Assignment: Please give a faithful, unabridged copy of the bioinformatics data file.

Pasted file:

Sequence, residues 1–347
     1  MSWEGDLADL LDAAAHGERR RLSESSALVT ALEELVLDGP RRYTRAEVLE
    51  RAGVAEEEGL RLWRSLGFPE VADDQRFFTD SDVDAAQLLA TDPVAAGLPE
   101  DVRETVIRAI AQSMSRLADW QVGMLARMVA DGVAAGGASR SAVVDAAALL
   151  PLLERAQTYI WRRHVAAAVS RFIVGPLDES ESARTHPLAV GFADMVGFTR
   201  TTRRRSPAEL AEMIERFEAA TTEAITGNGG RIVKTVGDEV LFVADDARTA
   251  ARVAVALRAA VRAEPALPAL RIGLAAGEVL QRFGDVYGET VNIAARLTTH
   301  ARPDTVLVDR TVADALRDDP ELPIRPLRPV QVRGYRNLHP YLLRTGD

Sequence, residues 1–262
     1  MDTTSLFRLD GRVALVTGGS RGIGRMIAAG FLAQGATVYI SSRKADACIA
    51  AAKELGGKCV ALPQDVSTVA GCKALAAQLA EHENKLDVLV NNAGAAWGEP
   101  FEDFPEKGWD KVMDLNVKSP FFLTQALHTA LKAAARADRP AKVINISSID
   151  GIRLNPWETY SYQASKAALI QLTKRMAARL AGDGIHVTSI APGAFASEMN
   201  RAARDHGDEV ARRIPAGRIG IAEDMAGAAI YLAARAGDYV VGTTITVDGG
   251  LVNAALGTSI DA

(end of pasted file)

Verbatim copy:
Sequence, residues 1–347
     1  MSWEGDLADL LDAAAHGERR RLSESSALVT ALEELVLDGP RRYTRAEVLE
    51  RAGVAEEEGL RLWRSLGFPE VADDQRFFTD SDVDAAQLLA TDPVAAGLPE
   101  DVRETVIRAI AQSMSRLADW QVGMLARMVA DGVAAGGASR SAVVDAAALL
   151  PLLERAQTYI WRRHVAAAVS RFIVGPLDES ESARTHPLAV GFADMVGFTR
   201  TTRRRSPAEL AEMIERFEAA TTEAITGNGG RIVKTVGDEV LFVADDARTA
   251  ARVAVALRAA VRAEPALPAL RIGLAAGEVL QRFGDVYGET VNIAARLTTH
   301  ARPDTVLVDR TVADALRDDP ELPIRPLRPV QVRGYRNLHP YLLRTGD

Sequence, residues 1–262
     1  MDTTSLFRLD GRVALVTGGS RGIGRMIAAG FLAQGATVYI SSRKADACIA
    51  AAKELGGKCV ALPQDVSTVA GCKALAAQLA EHENKLDVLV NNAGAAWGEP
   101  FEDFPEKGWD KVMDLNVKSP FFLTQALHTA LKAAARADRP AKVINISSID
   151  GIRLNPWETY SYQASKAALI QLTKRMAARL AGDGIHVTSI APGAFASEMN
   201  RAARDHGDEV ARRIPAGRIG IAEDMAGAAI YLAARAGDYV VGTTITVDGG
   251  LVNAALGTSI DA